It cost Netflix about $1.5 million in lobbying money to convince Congress to legalize sharing what you watch on your Facebook wall.
Last week, just a day before the death of the judge whose congressional nomination inspired the legislation, the Senate voted to relax the Video Privacy Protection Act passed in 1988 that had prohibited video service providers from sharing the viewing history of customers without consent.
Netflix spent $1 million lobbying the legislation in 2012, and about half that the year before. Though that’s an enormous pile of cash, it may very well have been worth every penny. The change clears the way for Netflix to cooperate with Facebook to offer social viewing feeds, creating a social sharing experience that would work similar to Spotify.
Netflix customers now have the ability to connect their Netflix account to Facebook to create a social experience where they can view what their friends have watched, liked and commented about on Netflix. The Netflix Facebook Friends feature includes two main views: favorite content as well as recently watched material. Facebook’s CEO Mark Zuckerberg contributed to the design.
“You’ll see what titles your friends have watched in a new ‘Watched by your friends’ row and what they have rated four or five stars in a new ‘Friends’ Favorites’ row,” Cameron Johnson, Director of Product Innovation at Netflix, explained in the company’s blog. “Your friends will also be able to see what you watch and rate highly.”
Those that opt into Facebook Friends can specify which content doesn’t get shared, so nobody knows you watched “Naked Nuns with Guns” or think you’re a fan of SpongeBob when it’s really your three year old.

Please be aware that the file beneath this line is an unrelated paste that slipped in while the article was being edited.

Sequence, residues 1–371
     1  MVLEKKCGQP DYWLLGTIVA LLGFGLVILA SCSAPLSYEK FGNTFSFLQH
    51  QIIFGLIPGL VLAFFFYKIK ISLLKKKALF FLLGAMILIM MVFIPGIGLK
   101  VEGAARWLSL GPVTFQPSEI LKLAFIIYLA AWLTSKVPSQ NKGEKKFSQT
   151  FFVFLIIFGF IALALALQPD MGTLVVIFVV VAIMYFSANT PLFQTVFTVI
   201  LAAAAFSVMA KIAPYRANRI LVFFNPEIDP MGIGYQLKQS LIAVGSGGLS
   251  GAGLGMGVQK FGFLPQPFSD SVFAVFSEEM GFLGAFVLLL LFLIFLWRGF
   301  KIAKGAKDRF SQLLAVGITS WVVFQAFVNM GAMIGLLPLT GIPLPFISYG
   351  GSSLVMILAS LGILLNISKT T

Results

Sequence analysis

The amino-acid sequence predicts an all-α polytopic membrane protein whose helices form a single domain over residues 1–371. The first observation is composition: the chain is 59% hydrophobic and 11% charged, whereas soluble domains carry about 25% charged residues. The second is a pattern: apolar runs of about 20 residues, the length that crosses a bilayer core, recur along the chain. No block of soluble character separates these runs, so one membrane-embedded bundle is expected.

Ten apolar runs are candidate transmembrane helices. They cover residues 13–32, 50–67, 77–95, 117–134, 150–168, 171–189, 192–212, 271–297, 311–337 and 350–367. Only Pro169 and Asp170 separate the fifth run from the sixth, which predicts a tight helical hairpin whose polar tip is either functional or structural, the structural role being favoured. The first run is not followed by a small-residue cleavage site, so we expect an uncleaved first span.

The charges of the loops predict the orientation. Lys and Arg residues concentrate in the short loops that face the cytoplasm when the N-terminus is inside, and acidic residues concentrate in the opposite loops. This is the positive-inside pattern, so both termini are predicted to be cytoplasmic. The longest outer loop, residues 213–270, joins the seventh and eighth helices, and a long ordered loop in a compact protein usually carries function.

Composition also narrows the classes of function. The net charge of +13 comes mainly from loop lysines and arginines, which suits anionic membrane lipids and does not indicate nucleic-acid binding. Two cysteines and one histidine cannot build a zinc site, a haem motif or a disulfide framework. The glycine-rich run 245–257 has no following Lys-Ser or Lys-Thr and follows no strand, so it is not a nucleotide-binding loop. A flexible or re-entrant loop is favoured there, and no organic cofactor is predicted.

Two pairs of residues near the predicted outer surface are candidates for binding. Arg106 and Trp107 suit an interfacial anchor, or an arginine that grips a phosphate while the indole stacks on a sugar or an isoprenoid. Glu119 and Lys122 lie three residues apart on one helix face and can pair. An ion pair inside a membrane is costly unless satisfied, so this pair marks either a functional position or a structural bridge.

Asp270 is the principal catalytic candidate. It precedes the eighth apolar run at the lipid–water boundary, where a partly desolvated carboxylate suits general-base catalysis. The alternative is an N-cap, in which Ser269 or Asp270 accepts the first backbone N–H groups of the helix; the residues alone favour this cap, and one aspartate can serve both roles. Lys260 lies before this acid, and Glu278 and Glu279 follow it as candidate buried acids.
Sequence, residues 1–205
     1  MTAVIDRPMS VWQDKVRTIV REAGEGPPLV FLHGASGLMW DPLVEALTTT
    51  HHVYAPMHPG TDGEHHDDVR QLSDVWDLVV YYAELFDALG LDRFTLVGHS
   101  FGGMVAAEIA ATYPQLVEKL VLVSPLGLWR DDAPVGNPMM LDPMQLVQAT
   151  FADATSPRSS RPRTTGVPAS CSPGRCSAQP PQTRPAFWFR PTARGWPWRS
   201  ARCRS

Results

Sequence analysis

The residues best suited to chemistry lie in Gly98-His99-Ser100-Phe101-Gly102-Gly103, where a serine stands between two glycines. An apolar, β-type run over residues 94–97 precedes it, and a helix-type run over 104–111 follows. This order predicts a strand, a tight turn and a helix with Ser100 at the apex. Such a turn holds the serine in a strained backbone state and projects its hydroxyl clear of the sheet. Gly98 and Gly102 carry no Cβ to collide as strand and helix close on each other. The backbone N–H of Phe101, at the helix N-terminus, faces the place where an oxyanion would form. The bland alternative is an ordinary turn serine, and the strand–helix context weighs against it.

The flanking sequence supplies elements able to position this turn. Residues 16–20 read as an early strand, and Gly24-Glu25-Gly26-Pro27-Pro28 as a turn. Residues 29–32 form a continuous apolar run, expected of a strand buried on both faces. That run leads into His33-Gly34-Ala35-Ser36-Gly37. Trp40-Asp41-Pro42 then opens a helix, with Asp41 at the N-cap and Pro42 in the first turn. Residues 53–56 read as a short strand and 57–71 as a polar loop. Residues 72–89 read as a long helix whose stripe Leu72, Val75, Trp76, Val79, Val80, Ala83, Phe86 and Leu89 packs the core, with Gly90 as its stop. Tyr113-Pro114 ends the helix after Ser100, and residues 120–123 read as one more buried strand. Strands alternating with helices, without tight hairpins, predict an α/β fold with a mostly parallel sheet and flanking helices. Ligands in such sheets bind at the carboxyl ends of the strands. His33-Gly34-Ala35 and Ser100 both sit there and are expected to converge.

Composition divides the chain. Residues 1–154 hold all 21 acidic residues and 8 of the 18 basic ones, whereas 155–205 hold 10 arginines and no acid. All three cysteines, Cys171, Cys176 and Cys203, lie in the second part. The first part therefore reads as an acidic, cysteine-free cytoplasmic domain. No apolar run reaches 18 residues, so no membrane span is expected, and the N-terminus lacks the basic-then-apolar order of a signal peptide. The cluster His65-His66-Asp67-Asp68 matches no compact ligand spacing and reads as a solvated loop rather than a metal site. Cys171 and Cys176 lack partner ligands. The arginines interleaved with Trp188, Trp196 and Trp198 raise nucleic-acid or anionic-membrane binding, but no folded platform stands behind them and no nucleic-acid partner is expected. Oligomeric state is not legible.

Netflix customers voluntarily connect the service through their Facebook accounts, providing consent, so Netflix technically did not need Congress to amend the VPPA to introduce this feature, but likely waited until the political soup cleared as a precaution. If an error had led to one customer’s viewing history being shared without consent, the company would be in fairly hot water in a legal environment that has taken a staunch position on privacy issues in the wake of the tech revolution.
As Slate points out, the VPPA was passed in the wake of Senate Confirmation hearings of Judge Robert Bork. A reporter had interviewed a video store clerk and obtained Bork’s rental history. Though the story did not reveal anything inflammatory beyond the judge’s preference for British whodunit movies, the instance scared enough legislators who likely had rented behind the red curtain and had something to hide.
Whether people want to automatically share everything they watch remains to be seen. The service has been available to about 6 million customers in Canada, Latin America and the U.K., but only about 20 percent of subscribers signed up, Bloomberg reported. That service, however, didn’t let users choose what not to post. Likely the updated version that allows self-censorship will see greater adoption, thanks in part to a paranoid Congress in the late ’80s who didn’t want their constituents to know they rented “Revenge of the Nerds II” more than once.
“Social is going to be everything,” Netflix CEO Reed Hastings told Bloomberg in a January interview. “Our kids are way more social than us; their kids will be way more social than them. You tell your friends about what you watch and they’ll watch much more of what we offer.”